Various objects, features and attendant advantages of the present invention will be more fully appreciated as the same become better understood from the following detailed description of the present invention when considered in connection with the accompanying drawings, in which:
FIG. 1 is a perspective view illustrating the various components which together comprise a preferred embodiment of the present invention as installed in a motor vehicle;
FIG. 2 is a cross-sectional view of one of the components of the preferred embodiment illustrated in FIG. 1 and taken along line 2--2 thereof;
FIG. 3 is a sectional view of the vapor tank illustrated in FIG. 2 and taken along line 3--3 thereof;
FIG. 4 is an enlarged sectional view illustrating in greater detail one component of the vapor tank shown in FIG. 3 and taken along line 4--4 thereof;
FIG. 5 is a perspective, partially sectional view illustrating a filter component of the vapor tank illustrated in FIG. 2;
FIG. 6 is a cross-sectional view of another component of the preferred embodiment of the present invention illustrated in FIG. 1 and taken along line 6--6 thereof;
FIG. 7 is a partial side, partial sectional view of the vapor equalizer illustrated in FIG. 6 and taken along line 7--7 thereof;
FIG. 8 is a side view illustrating the throttle linkage of the vapor equalizer shown in FIG. 7 and taken along line 8--8 thereof;
FIG. 9 is a longitudinal sectional view of another filter component of the preferred embodiment illustrated in FIG. 1;
FIG. 10 is a view of another component of the present invention; and
FIG. 11 is an exploded, perspective view which illustrates the main components of the filter portion of the vapor equalizer of the present invention.
Referring now to the drawings, wherein like reference numerals represent identical or corresponding parts throughout the several views, and more particularly to FIG. 1 thereof, there is illustrated a preferred embodiment of the present invention as installed in a motor vehicle.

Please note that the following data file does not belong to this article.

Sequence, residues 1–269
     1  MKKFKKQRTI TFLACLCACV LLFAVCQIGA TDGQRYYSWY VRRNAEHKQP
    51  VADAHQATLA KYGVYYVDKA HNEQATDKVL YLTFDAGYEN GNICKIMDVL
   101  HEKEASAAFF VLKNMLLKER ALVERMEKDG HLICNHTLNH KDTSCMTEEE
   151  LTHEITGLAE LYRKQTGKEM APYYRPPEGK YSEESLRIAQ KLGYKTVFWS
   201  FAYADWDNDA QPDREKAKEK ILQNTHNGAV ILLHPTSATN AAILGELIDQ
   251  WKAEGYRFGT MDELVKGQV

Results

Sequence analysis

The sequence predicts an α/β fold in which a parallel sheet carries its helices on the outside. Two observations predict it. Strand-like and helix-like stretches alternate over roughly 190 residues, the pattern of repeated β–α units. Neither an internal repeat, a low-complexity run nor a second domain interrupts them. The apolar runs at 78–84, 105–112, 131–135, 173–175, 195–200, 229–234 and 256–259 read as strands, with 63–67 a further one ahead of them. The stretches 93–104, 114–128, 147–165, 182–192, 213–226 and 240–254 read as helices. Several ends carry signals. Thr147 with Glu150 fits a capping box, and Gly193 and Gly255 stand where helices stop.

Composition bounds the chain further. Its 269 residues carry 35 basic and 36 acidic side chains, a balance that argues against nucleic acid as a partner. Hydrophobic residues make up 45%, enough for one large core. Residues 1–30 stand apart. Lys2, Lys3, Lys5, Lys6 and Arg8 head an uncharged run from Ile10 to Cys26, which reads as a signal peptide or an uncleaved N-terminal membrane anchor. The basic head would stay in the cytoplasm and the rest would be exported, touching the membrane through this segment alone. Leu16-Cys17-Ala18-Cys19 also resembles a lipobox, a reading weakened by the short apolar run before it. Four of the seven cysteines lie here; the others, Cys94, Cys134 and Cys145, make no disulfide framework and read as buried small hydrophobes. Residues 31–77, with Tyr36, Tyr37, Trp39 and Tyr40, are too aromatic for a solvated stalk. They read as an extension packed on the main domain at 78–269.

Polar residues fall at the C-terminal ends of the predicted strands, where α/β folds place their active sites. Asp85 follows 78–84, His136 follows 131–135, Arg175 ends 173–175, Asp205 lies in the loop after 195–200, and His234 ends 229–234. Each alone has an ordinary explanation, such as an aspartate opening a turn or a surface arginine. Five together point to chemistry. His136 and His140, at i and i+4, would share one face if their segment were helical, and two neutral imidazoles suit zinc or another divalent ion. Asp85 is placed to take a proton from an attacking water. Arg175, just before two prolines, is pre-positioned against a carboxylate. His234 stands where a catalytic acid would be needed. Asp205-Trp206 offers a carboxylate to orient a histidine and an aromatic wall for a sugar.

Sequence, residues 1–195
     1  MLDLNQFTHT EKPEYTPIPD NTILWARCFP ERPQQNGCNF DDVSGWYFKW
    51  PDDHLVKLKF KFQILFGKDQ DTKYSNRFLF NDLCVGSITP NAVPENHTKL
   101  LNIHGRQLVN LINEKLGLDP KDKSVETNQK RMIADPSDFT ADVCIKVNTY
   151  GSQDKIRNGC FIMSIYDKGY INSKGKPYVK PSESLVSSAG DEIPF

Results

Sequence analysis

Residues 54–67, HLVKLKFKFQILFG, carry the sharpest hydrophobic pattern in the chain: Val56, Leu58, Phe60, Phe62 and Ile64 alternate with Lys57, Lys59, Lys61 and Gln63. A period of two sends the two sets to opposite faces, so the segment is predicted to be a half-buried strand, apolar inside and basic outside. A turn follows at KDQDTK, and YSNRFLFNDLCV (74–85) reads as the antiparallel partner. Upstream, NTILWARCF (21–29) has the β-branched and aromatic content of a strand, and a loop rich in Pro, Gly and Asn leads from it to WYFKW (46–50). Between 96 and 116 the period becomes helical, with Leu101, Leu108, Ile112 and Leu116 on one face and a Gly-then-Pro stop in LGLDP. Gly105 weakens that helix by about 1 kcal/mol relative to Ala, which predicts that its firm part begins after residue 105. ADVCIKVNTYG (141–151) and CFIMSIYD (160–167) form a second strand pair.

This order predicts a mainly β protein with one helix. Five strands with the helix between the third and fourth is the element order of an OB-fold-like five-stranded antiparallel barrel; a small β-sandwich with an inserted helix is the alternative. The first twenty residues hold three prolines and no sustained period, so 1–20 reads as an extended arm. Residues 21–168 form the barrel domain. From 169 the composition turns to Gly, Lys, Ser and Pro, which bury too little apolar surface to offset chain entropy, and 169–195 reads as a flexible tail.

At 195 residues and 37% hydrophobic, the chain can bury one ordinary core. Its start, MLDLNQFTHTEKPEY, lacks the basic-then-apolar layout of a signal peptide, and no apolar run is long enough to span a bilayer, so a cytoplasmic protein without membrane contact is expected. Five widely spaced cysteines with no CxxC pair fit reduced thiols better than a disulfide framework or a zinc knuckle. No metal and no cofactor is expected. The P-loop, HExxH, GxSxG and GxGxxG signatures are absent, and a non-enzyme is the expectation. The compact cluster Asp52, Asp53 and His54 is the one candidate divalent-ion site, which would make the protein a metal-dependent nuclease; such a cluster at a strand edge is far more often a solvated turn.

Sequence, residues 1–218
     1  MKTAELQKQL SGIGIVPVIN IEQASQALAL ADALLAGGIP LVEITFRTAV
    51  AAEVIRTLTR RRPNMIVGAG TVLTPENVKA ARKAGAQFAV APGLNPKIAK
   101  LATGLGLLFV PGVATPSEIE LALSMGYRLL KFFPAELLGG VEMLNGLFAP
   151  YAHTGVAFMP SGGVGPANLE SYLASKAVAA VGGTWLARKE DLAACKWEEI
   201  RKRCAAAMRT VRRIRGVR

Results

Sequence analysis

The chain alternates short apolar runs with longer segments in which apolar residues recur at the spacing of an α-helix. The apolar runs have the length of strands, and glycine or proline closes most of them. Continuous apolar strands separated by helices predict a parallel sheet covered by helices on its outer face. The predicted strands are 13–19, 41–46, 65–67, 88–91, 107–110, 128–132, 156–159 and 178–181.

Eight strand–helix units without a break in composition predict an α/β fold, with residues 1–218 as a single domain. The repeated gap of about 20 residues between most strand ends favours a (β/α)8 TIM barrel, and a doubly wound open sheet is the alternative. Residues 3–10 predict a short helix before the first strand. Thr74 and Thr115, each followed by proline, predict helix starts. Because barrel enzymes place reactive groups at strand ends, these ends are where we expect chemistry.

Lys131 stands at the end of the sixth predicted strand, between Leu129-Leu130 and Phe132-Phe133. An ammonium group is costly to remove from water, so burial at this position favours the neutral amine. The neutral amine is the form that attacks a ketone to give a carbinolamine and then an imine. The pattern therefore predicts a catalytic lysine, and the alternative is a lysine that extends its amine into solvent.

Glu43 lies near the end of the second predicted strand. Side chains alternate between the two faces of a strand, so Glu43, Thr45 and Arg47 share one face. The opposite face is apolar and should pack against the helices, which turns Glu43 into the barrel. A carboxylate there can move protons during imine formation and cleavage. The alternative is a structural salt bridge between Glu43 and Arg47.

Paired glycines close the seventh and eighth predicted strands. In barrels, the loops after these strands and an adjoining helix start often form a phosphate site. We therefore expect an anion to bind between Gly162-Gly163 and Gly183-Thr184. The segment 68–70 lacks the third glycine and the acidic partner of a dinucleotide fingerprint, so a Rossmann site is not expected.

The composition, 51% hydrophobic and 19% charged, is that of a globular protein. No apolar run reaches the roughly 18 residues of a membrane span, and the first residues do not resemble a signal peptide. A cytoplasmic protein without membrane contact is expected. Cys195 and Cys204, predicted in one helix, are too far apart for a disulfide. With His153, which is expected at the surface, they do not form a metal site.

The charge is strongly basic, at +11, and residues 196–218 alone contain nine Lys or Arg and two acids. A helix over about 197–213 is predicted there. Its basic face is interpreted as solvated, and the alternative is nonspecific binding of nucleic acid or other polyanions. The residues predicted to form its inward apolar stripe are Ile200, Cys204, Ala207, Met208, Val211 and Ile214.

The preferred embodiment includes as its main components a fuel vapor tank 10 in which the fuel vapor is stored and generated for subsequent delivery to the internal combustion engine 20. On the top of fuel vapor tank 10 is mounted an air inlet control valve which is indicated generally by reference numeral 12 and whose structure and operation will be described in greater detail hereinafter.
The internal combustion engine 20 includes a standard intake manifold 18. Mounted upon the intake manifold 18 is a vapor equalizer chamber 16. Connected between the fuel vapor tank 10 and the vapor equalizer chamber 16 is a vapor conduit or hose 14 for conducting the vapors from within tank 10 to the chamber 16.
Reference numeral 22 indicates generally an air inlet control valve which is mounted on the vapor equalizer chamber 16. Thus, the system is provided with two separate air inlet control valves 12 and 22 which are respectively coupled via cables 24 and 26 to the throttle control for the motor vehicle which may take the form of a standard accelerator pedal 28. The air inlet control valves 12 and 22 are synchronized in such a fashion that the opening of the air inlet control valve 22 of the vapor equalizer 16 always preceeds and exceeds the opening of the air inlet control valve 12 of the fuel vapor tank 10, for reasons which will become more clear hereinafter.
The cooling system of the vehicle conventionally includes a radiator 30 for storing liquid coolant that is circulated through the engine 20 in the well-known fashion. A pair of hoses 32 and 34 are preferably coupled into the normal heater lines from the engine 20 so as to direct heated liquid coolant from the engine 20 to a warming coil 36, preferably constructed of copper, which is positioned within vapor tank 10. I have found that the water circulation system consisting of hoses 32, 34 and 36 serves three distinct functions. Firstly, it prevents the vapor tank from reaching the cold temperatures to which it would otherwise be subjected as a result of high vacuum pressure and air flow therethrough. Secondly, the heated coolant serves to enhance vaporization of the gasoline stored within tank 10 by raising the temperature thereof. Thirdly, the liquid coolant, after leaving tank 10 via conduit 34, has been cooled to the point where engine 20 may then be run at substantially lower operating temperatures to further increase efficiency and prolong the life of the engine.